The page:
Friday, May 28, 2010

Kings Go Forth- The Outsiders Are Back

What makes R&B sound authentic? Good question. There is a whole crop of newish musicians who are staking a claim on the legacy front; Sharon Jones, Raphael Saadiq, Ryan Shaw etc. have all made credible stabs at producing modern R&B that sounds like the stuff from the 60’s and 70’s. Some get it better than others. David Byrne’s Luaka Bop label has offered up a band called Kings Go Forth who really get it. As I listened to their debut album, The Outsiders Are Back I was stunned by the very real sounding R&B emanating from the speakers. There were Stax style horn arrangements, Gamble and Huff-like productions with strings and soaring vocal choruses, and a searing energy on every track. The more I listened the more I was able to pick out what made this group different. Aside from the familiar style of songwriting and strong arrangements, the production of Kings Go Forth is truly special. Whoever engineered this album deserves some credit because the thing that makes this album so special is the way the drums and vocals are recorded. Unlike most modern recordings, the keyboards and guitars are buried deep in the mix, and the drums, which are simple and straightforward, just explode. At times they almost seem on the verge of being over-recorded, but then they carry the tune to a new level and you realize it is just right. Slapping, whacking, thumping and bumping, it is real muscle, holding real sticks and kicking out real jams. There is no whiff of electronic pads or processed beats. Similarly the vocals are real and in your face. Nothing has been pitch corrected or sweetened up. It really sounds like a group of people giving it their all - straining at times, but belting it out with guts and feeling.

I had this CD in my car for the last week and I would just let it run. Everytime I would get in the car, The Outsiders Are Back would pick up where I left off. Each time I would have a moment of “Who or what is this?” Each time I would think it was something different - world, reggae, gospel - it was just a wash of soulful sound coming from the stereo. My inclination was never to turn it off, but to turn it up. Kings Go Forth manage to take elements of all the music they love and grind it into a mighty tasty R&B sausage. It has the ring of old school, but they are clearly sophisticated modern listeners who are able to integrate all modern music into their purist soul vision. -- Paul Epstein

Friday, May 21, 2010

Several Species of Small Furry Thoughts - Paul’s open forum

From left: Kevin Deal (PrimaLuna) John Atkinson (Stereophile), Joe Harley (Music Matters/AudioQuest). Photo: Eric Starling, ListenUp
On Wednesday night I participated in the annual Listen Up Music Matters event. It was an interesting experience on a number of levels. First off it was held at the Pearl Street location of Listen Up, which is a half a block from the original Twist and Shout location at 724 so. Pearl. Being on that block always brings me a bittersweet sensation as I both relish the memories of those early, simpler, more innocent times, and it allows me to reflect on the great distance we have come. When we started my only goal was to not teach high school anymore and to spend all my time in the music zone. Obviously things are never as simple as you would imagine, but overall I haven’t had to return to the public schools and I am still ass deep in music. It is the main thing in my life to this day, and getting that modest store on Pearl was the start of it all.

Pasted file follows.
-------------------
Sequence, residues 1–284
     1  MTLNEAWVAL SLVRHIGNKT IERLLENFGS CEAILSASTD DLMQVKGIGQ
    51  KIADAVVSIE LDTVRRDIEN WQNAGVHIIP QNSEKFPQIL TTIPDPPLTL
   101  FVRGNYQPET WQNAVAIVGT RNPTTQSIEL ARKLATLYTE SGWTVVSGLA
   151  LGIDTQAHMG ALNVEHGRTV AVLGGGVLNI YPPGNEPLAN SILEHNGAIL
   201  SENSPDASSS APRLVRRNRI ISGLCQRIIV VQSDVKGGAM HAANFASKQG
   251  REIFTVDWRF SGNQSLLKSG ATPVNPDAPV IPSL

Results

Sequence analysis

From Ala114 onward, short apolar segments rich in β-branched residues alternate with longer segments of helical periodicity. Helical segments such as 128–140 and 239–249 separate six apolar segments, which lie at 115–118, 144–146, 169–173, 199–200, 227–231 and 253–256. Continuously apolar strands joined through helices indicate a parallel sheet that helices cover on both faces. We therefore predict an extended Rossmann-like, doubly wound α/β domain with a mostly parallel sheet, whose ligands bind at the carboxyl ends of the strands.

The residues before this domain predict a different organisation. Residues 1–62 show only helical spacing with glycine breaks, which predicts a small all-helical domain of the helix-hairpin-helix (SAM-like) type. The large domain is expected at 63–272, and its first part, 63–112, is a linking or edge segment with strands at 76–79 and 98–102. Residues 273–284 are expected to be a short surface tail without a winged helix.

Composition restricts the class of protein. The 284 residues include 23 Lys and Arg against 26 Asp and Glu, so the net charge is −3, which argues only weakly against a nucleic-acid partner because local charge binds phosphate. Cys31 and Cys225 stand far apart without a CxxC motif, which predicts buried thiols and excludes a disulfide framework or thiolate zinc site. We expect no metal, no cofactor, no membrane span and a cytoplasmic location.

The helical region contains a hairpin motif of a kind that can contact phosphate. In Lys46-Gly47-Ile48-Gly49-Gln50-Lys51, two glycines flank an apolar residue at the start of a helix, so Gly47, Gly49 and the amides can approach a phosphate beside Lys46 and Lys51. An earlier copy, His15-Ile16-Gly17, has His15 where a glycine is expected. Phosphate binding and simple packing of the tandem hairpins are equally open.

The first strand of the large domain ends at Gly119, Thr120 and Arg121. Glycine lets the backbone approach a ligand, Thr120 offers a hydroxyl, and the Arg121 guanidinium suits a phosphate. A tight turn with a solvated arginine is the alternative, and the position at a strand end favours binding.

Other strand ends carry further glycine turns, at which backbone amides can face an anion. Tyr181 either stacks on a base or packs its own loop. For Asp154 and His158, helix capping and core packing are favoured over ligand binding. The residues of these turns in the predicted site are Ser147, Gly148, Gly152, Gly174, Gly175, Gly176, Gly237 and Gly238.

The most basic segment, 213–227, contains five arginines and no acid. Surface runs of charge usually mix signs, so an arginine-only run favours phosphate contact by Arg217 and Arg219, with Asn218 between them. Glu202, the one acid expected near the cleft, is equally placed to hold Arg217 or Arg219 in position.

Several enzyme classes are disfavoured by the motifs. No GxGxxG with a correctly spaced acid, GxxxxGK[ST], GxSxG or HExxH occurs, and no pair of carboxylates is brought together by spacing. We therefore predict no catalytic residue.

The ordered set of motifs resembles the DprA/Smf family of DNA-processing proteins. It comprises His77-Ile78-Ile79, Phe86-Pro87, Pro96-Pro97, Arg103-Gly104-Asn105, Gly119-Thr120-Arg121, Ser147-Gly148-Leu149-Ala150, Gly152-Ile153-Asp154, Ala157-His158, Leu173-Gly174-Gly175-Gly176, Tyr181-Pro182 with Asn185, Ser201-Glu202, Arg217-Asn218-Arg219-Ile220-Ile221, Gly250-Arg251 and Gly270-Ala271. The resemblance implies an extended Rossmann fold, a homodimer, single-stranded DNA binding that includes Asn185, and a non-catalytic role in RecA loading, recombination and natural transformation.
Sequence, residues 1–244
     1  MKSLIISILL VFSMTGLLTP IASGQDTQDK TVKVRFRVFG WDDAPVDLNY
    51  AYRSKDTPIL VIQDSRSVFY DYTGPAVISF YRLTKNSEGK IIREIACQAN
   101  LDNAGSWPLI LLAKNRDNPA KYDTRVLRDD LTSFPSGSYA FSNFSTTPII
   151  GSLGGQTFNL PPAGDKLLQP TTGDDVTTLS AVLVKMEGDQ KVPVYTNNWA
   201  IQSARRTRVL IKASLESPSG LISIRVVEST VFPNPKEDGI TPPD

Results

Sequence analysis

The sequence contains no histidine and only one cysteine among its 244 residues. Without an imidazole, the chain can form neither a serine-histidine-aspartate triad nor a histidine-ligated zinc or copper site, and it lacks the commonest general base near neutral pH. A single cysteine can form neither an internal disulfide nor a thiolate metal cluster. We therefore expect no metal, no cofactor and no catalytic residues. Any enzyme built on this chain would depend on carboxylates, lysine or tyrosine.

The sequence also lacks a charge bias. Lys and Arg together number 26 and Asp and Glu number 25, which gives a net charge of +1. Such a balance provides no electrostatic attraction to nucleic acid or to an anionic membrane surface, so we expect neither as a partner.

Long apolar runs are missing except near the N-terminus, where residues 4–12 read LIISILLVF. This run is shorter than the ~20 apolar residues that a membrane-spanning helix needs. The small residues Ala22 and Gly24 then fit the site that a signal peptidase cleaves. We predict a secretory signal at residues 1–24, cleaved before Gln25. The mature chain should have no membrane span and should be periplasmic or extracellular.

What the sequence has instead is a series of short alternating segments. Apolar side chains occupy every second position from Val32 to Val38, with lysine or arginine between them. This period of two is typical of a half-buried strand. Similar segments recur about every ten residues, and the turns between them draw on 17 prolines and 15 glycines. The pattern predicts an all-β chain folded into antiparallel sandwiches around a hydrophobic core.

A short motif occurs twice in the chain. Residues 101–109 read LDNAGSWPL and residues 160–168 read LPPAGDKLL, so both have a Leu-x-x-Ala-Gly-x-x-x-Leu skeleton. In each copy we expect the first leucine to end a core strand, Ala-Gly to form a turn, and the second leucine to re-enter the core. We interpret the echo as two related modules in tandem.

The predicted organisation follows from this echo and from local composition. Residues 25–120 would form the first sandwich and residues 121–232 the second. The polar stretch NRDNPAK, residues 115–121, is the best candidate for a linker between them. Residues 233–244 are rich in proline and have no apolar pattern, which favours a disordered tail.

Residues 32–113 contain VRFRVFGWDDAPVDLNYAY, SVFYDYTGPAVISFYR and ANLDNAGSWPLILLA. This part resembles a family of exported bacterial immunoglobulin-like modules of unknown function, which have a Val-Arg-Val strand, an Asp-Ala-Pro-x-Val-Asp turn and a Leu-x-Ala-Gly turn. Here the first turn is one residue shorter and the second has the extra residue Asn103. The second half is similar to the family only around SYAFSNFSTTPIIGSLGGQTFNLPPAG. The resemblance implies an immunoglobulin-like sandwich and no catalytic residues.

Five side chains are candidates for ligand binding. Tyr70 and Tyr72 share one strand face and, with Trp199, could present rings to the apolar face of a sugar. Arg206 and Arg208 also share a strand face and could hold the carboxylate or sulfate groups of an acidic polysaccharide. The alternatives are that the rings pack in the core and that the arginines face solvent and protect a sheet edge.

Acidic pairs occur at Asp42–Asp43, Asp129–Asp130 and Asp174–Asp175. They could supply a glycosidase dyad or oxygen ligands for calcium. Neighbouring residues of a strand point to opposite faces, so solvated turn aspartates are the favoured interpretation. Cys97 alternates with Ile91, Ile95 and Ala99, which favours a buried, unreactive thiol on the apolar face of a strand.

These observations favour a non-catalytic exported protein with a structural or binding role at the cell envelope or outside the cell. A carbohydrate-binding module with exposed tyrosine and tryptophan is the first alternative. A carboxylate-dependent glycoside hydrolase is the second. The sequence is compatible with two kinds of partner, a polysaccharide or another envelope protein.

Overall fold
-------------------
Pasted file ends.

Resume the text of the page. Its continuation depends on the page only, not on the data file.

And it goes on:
The Music Matters event was also a chance for me to see a bunch of music fanatics (many of them Twist and Shout customers) in their element, but not at Twist and Shout. Beside concerts I usually don’t see that many customers out and about. It was cool to see people exercising their music mojo and geeking out in a public space that wasn’t MY public space. The good folks at Listen Up put on a great event, full of good info on products and innovations and I got to talk records with a bunch of people. Aside from confirming what I already knew about the renaissance of vinyl, I was heartened to see so many people who were really conscious of the sound differences involved. I spoke to a number of people who were fully informed about all the great labels that are now on the market specializing in high quality vinyl pressings. I had lots of great conversations about what sounds great and why.

The big buzz, musically was a very un-high-quality recording - the remaster of Exile On Main Street. I brought copies with me and sold a handful of them. It is a phenomenal package, and an album that seems to bring out the collector in everyone. There are lots of strong feelings about this classic album and everyone seems excited to hear it again. The extra songs are a very interesting mixed bag. My favorites right off the bat were the demo of “Lovin’ Cup” and the version of “Soul Survivor” with Keith on lead vocals and the chorus missing.